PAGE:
The 5DX has been mentioned before, and if you think about it, it makes a lot of sense.
It provides an upgrade path for 7D and 5D2 users in a single stroke, giving all a bit of everything.
As has been pointed out, it will drive sales for more expensive L lenses, it will simplify the production process (1 line instead of 2), and it would sure as hell give Nikon and Sony something to think about.
The battery grip with the extra joystick makes it almost worth upgrading just for that feature alone.
So, for your £2500, the 22mp FF is nothing new, which means Canon have to introduce something to make it worth while upgrading to.
So, if we're talking about a 5DX, what would i expect?
Well if we take the 22mp FF as the sensor option we then have to consider something that makes it worth upgrading for.
First off, the AF has to be a given - it is the only issue that has ever received negative press on the 5D2 (apart from the initial black dot thing). And there is no way 7D'ers would upgrade to this unless it had at least 7D focusing - so that or a pro series AF seems most likely. Would it be a 1DX AF? I can see pluses and minuses for this. Would be cheaper to implement production wise - but would it detract from 1DX sales?
Jury's out on that - but it would certainly get the 7D folk chomping at the bit.
ISO - up it to 12800 or 25600 working, again, 5D2's would be happy with an extra stop, and the 7D brigade would be happy as well.
Dynamic Range - either/ or - could be one of those things they leave for the 1DX.
Weather proofing - by having the small body format, it means the battery grip is an add on, which will always compromise weather proofing. I would not expect this to be as good as a 1DX.
Buffer & Frame Rate - both severely hampered in comparison to the 1DX. You gets what you pay for...
Dual Card Slots - i suspect this might be slipped in to aid the video brigade (for those who can't afford a 1DX) - remember it only allows extended video length, not improves video quality to 1DX level. It would also be one of those clinching features for those who are umming and ahhring. As for low end wedding togs, what a boost.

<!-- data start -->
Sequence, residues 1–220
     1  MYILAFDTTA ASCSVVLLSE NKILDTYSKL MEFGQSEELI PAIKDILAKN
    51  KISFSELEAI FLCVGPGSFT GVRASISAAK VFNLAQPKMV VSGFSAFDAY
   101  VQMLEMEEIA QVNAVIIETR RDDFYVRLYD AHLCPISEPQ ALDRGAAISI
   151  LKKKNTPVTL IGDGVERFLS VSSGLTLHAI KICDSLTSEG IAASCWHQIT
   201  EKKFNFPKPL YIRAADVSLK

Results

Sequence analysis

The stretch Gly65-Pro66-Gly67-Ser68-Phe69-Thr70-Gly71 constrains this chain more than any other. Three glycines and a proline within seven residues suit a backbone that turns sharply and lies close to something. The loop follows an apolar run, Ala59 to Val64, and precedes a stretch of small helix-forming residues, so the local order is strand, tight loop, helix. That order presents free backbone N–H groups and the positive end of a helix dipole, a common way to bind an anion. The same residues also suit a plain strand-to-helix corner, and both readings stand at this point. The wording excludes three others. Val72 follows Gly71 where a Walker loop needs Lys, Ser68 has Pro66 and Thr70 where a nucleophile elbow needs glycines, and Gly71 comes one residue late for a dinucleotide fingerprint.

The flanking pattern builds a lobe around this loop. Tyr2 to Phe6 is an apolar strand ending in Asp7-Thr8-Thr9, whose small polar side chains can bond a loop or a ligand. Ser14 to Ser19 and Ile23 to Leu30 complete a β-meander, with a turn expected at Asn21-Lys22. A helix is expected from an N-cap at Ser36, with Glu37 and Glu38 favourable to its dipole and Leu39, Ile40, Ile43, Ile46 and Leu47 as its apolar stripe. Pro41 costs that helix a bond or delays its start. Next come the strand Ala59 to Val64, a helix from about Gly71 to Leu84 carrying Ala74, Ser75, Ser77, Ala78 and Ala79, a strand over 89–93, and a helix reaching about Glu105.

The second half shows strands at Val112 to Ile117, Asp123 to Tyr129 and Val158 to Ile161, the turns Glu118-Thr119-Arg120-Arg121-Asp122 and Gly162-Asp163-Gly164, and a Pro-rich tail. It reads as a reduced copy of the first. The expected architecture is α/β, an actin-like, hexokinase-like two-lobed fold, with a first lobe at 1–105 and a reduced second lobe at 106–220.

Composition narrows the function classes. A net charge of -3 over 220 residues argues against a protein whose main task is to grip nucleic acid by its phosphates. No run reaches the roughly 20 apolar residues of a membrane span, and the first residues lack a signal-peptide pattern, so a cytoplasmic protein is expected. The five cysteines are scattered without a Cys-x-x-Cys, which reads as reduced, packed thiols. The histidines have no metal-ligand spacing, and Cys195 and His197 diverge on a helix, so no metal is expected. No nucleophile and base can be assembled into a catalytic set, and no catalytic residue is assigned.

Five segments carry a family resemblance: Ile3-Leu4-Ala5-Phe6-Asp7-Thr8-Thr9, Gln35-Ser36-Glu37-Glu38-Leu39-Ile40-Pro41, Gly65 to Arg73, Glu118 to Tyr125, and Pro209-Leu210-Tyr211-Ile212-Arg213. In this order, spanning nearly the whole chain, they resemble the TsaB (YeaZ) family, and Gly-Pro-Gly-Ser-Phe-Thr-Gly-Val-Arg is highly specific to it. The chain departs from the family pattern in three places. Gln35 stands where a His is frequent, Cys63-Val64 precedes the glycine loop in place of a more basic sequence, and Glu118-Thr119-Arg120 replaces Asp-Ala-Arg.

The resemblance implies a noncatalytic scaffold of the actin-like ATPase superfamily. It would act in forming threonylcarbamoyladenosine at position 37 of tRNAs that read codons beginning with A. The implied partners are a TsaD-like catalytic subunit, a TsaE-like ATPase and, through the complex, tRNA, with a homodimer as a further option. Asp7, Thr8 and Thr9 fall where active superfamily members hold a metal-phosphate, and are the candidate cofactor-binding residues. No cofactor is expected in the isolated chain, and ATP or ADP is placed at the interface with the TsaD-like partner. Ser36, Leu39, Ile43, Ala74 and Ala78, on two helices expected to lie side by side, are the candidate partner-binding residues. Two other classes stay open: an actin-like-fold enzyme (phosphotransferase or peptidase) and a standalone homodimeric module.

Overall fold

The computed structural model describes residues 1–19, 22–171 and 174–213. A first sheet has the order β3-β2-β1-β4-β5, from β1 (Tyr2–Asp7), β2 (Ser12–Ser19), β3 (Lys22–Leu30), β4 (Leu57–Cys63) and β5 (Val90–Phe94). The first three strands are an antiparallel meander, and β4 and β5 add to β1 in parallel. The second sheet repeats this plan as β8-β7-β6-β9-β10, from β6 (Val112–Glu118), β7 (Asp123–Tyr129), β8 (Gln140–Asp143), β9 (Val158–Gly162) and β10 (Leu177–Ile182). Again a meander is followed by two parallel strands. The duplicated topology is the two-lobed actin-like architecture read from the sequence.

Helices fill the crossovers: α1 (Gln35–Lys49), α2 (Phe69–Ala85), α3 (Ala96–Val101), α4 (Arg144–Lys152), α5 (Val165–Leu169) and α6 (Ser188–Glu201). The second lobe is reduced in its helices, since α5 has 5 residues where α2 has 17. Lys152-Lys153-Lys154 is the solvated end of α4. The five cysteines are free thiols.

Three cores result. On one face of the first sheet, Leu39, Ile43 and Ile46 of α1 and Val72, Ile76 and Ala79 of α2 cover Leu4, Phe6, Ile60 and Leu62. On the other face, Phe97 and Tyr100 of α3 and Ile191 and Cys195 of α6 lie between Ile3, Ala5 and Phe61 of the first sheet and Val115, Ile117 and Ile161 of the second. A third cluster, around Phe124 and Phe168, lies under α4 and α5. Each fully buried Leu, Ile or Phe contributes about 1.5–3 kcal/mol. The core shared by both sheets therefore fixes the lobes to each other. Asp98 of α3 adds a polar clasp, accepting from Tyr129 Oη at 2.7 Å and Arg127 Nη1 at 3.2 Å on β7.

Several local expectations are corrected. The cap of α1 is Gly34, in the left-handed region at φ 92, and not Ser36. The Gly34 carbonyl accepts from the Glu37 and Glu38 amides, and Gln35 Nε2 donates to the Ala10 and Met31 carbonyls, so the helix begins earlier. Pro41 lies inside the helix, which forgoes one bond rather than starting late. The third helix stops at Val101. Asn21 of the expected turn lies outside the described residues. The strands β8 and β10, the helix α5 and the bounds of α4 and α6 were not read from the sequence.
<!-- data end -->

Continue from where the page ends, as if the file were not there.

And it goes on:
GPS built in - this is a gimmick that would appeal to the traveler and landscape brigade more than sports brigade - though the wildlife lot might not complain. I say gimmick - i am well aware of its uses - but i still do not see it as a real marketing issue for most because when importing pics, the location tends to end up in the tags and keywords for ease of search.
Shutter life - held at 150k or 200k - which would make you wonder whether to stump up now for a 1DX and get that 400k shutter life, or get in half price increments!
Oh, and finally, that wonderful battery grip with the additional joystick. Whilst an optional extra, i wonder how many wedding and wildlife togs would get such a battery grip, who previously haven't bought one? The ability to swap from landscape to portrait and select focus point on the fly would be an absolute must - but you're only getting this wonderful 1DX feature at a premium (£300) which in turn means more revenue for Canon and means you're getting closer to the 1DX price tag in steps.
Yes, the 5DX would definitely be for people who can't afford a 1DX, but would like one. £2500 for the body, £300 for battery grip - that's almost £3000 for a stripped down 1DX that may well have a street price of £4200 after initial launch. It's good enough to make people stretch, but short enough in features to make the pros (people whose living depends on getting 'that' shot) needing to cough up the extra.
Most importantly - it is a strong enough feature set to get the 'newcomers' choosing Canon over Nikon and Sony.
I may be totally wrong, but it would follow on with Canons 1DX strategy and would certainly leave Nikon playing catch up. I know a few Nikon shooters who do not want a 36mp D800 and would swap to a 5D3 if it held to the 21/22mp region.